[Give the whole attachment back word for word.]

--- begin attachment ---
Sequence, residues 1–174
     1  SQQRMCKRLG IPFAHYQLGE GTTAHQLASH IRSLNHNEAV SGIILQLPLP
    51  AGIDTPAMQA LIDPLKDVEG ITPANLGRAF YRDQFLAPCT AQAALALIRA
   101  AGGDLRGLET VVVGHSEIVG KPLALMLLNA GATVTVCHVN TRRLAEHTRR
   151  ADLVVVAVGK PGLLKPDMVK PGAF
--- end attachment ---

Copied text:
Sequence, residues 1–174
     1  SQQRMCKRLG IPFAHYQLGE GTTAHQLASH IRSLNHNEAV SGIILQLPLP
    51  AGIDTPAMQA LIDPLKDVEG ITPANLGRAF YRDQFLAPCT AQAALALIRA
   101  AGGDLRGLET VVVGHSEIVG KPLALMLLNA GATVTVCHVN TRRLAEHTRR
   151  ADLVVVAVGK PGLLKPDMVK PGAF